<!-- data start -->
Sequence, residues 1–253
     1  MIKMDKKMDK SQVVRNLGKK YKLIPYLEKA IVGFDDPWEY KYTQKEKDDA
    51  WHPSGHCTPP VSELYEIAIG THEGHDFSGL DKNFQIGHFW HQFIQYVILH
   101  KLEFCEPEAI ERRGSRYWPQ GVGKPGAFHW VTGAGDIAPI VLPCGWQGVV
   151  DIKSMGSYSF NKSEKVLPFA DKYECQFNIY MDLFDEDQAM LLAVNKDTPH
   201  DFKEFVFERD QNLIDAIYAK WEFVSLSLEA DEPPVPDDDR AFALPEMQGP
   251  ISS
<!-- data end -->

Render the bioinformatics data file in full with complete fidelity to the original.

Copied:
Sequence, residues 1–253
     1  MIKMDKKMDK SQVVRNLGKK YKLIPYLEKA IVGFDDPWEY KYTQKEKDDA
    51  WHPSGHCTPP VSELYEIAIG THEGHDFSGL DKNFQIGHFW HQFIQYVILH
   101  KLEFCEPEAI ERRGSRYWPQ GVGKPGAFHW VTGAGDIAPI VLPCGWQGVV
   151  DIKSMGSYSF NKSEKVLPFA DKYECQFNIY MDLFDEDQAM LLAVNKDTPH
   201  DFKEFVFERD QNLIDAIYAK WEFVSLSLEA DEPPVPDDDR AFALPEMQGP
   251  ISS